Open the door to change.

It's hard sometimes being a teen. It's harder still when you're a teen diagnosed with cancer: too old for the children's hospital, too young for adult treatment facilities. That's why First Citizens Bank is proud to support Teen Cancer America in creating spaces where teens fighting cancer can feel like they belong. Because they do. And you can help us. Donate online and help us open the door to better cancer care and brighter futures.


Purchase "Let My Love Open The Door" by Roger Daltrey

Proceeds will benefit Teen Cancer America.

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Where a teen can be a teen

Open the Door TV Commercial
Open Your Heart. Open The Door.
One young American is diagnosed with cancer every hour.

Hear their stories

Almost 11,000 teens are diagnosed with cancer every year. That's over 30 a day. These are just some of their stories.
Julia S.
North Carolina
"You can either give up, or you can fight back as hard as possible.
Julia F.
South Carolina
"There's a lot of things that have helped me get through this. My family and my friends and, well, God.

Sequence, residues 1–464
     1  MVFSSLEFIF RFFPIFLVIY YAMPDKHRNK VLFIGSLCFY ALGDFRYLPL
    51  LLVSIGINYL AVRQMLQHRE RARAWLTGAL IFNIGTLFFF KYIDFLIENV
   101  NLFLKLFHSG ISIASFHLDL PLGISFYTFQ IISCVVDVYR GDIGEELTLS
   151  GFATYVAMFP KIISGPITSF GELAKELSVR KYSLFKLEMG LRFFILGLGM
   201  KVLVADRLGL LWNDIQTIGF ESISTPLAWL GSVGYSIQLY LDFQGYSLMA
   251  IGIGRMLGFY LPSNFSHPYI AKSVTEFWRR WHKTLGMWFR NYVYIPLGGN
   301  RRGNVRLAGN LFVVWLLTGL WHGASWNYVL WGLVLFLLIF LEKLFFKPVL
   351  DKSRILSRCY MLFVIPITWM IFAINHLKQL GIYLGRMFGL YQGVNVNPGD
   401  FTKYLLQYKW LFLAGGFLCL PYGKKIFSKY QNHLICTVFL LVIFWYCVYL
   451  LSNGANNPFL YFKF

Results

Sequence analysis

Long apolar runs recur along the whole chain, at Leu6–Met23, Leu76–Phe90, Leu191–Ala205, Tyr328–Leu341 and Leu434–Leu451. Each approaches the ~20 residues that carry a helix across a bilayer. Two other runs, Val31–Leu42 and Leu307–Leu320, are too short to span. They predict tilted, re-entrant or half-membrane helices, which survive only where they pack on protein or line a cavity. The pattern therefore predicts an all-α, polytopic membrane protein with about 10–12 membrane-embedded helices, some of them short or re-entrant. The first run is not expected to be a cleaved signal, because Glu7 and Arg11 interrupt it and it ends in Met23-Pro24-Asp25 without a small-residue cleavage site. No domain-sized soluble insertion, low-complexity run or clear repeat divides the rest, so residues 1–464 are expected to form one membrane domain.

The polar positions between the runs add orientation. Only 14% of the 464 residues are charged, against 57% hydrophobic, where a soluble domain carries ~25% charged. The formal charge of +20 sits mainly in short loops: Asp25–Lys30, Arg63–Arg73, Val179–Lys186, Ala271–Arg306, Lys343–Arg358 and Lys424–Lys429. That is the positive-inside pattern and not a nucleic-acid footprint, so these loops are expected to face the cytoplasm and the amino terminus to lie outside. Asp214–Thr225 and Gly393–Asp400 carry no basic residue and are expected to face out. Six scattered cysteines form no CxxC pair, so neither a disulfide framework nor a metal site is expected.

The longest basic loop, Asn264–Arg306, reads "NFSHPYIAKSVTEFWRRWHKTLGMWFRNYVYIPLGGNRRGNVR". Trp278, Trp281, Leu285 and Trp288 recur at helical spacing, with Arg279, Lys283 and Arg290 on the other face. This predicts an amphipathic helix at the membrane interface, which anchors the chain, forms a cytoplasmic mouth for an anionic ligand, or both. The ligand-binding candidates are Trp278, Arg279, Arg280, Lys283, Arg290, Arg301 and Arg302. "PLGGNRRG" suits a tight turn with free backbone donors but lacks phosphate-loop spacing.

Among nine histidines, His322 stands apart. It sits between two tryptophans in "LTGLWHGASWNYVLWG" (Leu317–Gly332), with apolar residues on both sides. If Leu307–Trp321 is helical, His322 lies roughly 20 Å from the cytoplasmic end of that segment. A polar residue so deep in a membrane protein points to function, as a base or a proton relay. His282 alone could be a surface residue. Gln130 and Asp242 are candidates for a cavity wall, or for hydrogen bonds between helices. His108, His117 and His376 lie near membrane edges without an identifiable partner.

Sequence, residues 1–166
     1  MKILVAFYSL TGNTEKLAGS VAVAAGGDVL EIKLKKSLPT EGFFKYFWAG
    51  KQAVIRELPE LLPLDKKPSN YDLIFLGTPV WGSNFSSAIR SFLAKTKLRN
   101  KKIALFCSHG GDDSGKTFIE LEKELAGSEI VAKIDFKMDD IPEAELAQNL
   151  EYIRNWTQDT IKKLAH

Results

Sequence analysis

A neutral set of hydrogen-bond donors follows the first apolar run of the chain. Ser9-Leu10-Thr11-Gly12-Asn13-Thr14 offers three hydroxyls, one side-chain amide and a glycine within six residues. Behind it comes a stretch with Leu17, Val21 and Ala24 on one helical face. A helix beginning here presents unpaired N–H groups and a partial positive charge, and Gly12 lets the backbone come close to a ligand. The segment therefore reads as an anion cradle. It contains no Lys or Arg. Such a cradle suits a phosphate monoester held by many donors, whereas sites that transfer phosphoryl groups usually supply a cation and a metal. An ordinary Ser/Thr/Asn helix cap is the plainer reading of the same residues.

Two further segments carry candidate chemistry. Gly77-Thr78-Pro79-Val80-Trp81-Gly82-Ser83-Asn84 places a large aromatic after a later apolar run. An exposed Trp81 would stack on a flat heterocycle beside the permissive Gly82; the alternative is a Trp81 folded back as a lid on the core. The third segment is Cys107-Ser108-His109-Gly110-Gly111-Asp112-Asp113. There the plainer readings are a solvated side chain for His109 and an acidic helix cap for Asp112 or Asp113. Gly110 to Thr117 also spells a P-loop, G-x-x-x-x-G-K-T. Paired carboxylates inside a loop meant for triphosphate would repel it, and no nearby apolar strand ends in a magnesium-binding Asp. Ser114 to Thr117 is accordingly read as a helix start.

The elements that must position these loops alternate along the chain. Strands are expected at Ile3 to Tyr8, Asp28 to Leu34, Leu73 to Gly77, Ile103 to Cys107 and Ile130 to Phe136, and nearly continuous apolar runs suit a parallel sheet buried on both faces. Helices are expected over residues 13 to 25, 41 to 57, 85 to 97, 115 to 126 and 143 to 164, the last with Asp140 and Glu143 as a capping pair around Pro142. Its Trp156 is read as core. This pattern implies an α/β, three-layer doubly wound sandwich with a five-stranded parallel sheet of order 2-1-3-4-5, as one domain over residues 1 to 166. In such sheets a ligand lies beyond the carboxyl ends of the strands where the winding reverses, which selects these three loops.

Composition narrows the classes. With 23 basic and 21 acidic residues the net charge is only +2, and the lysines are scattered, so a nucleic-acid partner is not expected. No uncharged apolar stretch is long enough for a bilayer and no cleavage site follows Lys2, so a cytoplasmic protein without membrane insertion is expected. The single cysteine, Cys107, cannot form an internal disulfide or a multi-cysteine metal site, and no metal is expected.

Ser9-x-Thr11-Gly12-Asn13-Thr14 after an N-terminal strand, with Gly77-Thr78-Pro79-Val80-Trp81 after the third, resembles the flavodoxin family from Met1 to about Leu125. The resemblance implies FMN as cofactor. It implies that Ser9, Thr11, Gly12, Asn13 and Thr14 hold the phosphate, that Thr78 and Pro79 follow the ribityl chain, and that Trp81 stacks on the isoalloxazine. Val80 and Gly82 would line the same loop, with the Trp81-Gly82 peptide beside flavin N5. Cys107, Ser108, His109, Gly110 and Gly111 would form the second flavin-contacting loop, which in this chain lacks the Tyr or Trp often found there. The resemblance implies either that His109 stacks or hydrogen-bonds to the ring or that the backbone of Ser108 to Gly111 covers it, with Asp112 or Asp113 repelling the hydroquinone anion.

"I think it's a huge part of my identity because my life changed so dramatically.
"I don't know how to fit being a cancer survivor into my social life.
"I had to hang out in the children's hospital with my little friends on tricycles.

Our Goal

Family is important. We've known that for over 100 years at First Citizens, the largest family-controlled bank in the country. To us, life isn't all about making money. Sometimes it's more about making a difference.

You see, every day more than 30 young adults are diagnosed with cancer. Unfortunately, teenagers are a marginalized age group, having no place dedicated to their specific needs in a hospital. So we're supporting hospitals that pledge to work with Teen Cancer America to build dedicated Teen Cancer spaces. These teens can finally feel like teens again, despite facing the biggest challenge of their lives. With your help, we'll open the door to better cancer care.
Treatment for certain teenage cancers hasn't improved in 30 years. That's unacceptable.

With over 50 cancer centers planned for the next decade, we'll address this problem head on.

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